var str1 = String("this is a simple string"); // primitive string
var num1 = Number(1.45); // primitive number
var bool1 = Boolean(true); // primitive boolean

To deliberately instantiate an object, use the new operator:

var str2 = new String("this is a simple string"); // String object instance
var num2 = new Number(1.45); // Number object instance
var bool2 = new Boolean(true); // primitive boolean

You can quickly tell the difference between a primitive and an object instance when you compare an object instance to a literal value using strict equality. For example, running the following code in a browser:

var str1 = String("string");
var num1 = Number(1.45);
var bool1 = Boolean(true);

if (str1 === "string") {

if (num1 === 1.45) {

if (bool1 === true) {

var str2 = new String("string");
var num2 = new Number(1.45);
var bool2 = new Boolean(true);

if (str2 === "string") {
} else {
console.log('not equal');

if (num2 === 1.45) {
} else {
console.log('not equal');

if (bool2 === true) {
} else {
console.log('not equal');

Results in the following print outs to the console :

not equal
not equal
not equal

The primitive variables (those not created with new ) are strictly equal to the literals, while the object instances are not. Why are the primitive variables strictly equal to the literals? Because primitives are compared by value, and values are literals.

For the most part, JavaScript developers don’t directly create object instances for the three primitive data types. Developers just want a number, boolean, or string variable to act like a number, boolean, or string, rather than an object; we don’t need the enhanced functionality of the object. More importantly, when developers use strict equality or type checking in the code, they want a variable to match their expectations of data type, rather than be defined as “object”:

var num1 = 1.45;
var num2 = new Number(1.45);

console.log(typeof num1); // prints out number
console.log(typeof num2); // prints out object

Code validators, such as JSHint, output a warning if you instantiate a primitive data type object directly for just this reason.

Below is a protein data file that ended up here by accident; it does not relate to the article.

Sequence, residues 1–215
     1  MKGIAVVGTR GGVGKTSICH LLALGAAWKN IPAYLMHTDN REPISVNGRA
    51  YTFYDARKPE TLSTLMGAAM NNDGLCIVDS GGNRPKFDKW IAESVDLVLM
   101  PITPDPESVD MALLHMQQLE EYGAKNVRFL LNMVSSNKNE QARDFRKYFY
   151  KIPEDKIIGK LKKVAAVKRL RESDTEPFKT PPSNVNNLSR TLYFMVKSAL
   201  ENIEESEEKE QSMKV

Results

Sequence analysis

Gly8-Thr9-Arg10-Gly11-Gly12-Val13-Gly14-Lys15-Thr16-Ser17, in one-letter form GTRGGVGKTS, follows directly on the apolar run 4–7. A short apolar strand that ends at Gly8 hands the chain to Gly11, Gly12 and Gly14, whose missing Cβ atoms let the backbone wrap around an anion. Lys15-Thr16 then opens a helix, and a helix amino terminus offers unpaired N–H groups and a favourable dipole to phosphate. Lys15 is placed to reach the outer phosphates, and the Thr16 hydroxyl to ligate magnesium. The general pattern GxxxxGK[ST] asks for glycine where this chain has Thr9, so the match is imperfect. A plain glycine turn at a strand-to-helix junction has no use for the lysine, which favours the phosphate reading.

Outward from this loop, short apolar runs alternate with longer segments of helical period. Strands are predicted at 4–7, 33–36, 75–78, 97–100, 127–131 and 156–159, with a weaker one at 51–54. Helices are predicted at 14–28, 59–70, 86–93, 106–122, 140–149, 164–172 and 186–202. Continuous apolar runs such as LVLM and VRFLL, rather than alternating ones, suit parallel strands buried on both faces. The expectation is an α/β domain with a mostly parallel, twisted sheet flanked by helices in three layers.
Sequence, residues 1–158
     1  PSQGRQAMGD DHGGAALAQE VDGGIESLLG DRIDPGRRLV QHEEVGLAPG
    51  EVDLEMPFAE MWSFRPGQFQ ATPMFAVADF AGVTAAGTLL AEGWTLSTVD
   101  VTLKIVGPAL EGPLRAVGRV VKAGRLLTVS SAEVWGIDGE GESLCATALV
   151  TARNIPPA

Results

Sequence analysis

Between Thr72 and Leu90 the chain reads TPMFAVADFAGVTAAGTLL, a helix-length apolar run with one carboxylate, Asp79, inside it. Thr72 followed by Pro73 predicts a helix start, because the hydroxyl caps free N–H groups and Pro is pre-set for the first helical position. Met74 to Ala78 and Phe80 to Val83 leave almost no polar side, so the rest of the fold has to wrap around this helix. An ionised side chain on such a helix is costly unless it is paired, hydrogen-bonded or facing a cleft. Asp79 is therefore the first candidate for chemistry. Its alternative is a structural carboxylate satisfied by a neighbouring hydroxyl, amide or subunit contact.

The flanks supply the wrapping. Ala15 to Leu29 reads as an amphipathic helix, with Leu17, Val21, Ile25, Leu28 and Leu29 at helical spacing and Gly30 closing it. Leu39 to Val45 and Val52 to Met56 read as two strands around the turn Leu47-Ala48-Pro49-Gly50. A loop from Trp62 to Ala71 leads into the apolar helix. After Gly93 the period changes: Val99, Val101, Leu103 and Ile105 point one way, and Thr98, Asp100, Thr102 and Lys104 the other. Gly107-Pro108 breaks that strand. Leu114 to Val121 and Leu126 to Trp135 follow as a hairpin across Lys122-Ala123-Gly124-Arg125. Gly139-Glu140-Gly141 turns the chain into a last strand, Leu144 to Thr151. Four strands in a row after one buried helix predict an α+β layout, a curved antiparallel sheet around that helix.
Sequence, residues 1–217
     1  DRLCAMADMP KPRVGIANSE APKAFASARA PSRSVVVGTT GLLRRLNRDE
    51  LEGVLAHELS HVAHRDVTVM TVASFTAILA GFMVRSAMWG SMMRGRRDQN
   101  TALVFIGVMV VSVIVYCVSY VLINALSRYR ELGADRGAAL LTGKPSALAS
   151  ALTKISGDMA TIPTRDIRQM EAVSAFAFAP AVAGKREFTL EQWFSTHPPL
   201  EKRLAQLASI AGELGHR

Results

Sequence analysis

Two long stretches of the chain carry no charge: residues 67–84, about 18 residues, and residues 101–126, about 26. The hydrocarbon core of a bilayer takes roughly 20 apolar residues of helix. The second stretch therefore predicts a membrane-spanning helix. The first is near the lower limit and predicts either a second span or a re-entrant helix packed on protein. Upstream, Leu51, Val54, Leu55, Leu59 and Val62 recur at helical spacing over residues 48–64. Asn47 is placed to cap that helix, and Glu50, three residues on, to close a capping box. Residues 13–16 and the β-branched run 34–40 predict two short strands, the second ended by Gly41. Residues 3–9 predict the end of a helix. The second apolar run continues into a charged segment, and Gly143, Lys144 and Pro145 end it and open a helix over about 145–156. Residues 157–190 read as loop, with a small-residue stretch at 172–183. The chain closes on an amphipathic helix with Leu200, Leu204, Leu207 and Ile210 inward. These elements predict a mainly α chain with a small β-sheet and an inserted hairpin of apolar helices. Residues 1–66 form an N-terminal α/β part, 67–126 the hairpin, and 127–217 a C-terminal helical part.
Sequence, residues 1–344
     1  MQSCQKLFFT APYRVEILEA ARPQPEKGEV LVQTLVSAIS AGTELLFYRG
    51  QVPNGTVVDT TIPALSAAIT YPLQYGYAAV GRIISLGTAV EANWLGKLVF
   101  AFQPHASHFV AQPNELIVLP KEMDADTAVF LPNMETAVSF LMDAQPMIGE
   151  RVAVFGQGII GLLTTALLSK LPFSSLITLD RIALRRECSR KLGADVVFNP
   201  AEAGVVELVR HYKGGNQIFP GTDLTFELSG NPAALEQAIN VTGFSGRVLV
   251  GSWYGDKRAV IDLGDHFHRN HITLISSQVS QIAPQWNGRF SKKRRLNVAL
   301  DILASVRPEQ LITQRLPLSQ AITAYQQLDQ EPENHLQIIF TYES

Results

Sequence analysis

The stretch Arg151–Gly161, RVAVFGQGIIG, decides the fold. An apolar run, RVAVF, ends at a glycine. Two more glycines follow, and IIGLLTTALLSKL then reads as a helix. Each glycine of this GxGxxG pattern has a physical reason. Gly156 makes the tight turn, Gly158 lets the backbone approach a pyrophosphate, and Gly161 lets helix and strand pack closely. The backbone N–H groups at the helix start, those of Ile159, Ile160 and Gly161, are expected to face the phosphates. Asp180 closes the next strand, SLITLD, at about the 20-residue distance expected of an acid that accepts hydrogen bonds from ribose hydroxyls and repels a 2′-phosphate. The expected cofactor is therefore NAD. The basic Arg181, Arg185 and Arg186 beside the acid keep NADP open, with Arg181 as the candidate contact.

String Slicing in Python Language

A slice is a span of items that are taken from a sequence. When you take a slice from a string, you get a span of characters from within the string. String slices are also called substrings.

To get a slice of a string, you write an expression in the following general format:

string[start : end]

In the general format, start is the index of the first character in the slice, and end is the index marking the end of the slice. The expression will return a string containing a copy of the characters from start up to (but not including) end . For example, suppose we have the following:

full_name = 'Patty Lynn Smith'
middle_name = full_name[6:10]

The second statement assigns the string ‘Lynn’ to the middle_name variable. If you leave out the start index in a slicing expression, Python uses 0 as the starting index. Here is an example:

full_name = 'Patty Lynn Smith'
first_name = full_name[:5]

The second statement assigns the string ‘Patty’ to first_name . If you leave out the end index in a slicing expression, Python uses the length of the string as the end index. Here is an example:

full_name = 'Patty Lynn Smith'
last_name = full_name[11:]

The second statement assigns the string ‘Smith’ to last_name . What do you think the following code will assign to the my_string variable?

full_name = 'Patty Lynn Smith'
my_string = full_name[:]

The second statement assigns the entire string ‘Patty Lynn Smith’ to my_string. The statement is equivalent to:

my_string = full_name[0 : len(full_name)]

The slicing examples we have seen so far get slices of consecutive characters from strings. Slicing expressions can also have step value, which can cause characters to be skipped in the string. Here is an example of code that uses a slicing expression with a step value:


The third number inside the brackets is the step value. A step value of 2, as used in this example, causes the slice to contain every second character from the specified range in the string. The code will print the following:


You can also use negative numbers as indexes in slicing expressions to reference positions relative to the end of the string. Here is an example:

full_name = 'Patty Lynn Smith'
last_name = full_name[-5:]

Recall that Python adds a negative index to the length of a string to get the position referenced by that index. The second statement in this code assigns the string ‘Smith’ to the last_name variable.

Invalid indexes do not cause slicing expressions to raise an exception. For example:

  • If the end index specifies a position beyond the end of the string, Python will use the length of the string instead.
  • If the start index specifies a position before the beginning of the string, Python will use 0 instead.
  • If the start index is greater than the end index, the slicing expression will return an empty string.

String Concatenation in Python Language

A common operation that performed on strings is concatenation, or appending one string to the end of another string. You have seen examples in earlier chapters that use the + operator to concatenate strings. The + operator produces a string that is the combination of the two strings used as its operands. The following interactive session demonstrates:

>>> message = 'Hello ' + 'world' [Enter]
>>> print(message) [Enter]
Hello world

Line 1 concatenates the strings ‘Hello’ and ‘world’ to produce the string ‘Hello world’. The string ‘Hello world’ is then assigned to the message variable. Line 2 prints the string that is referenced by the message variable. The output us shown in line 3.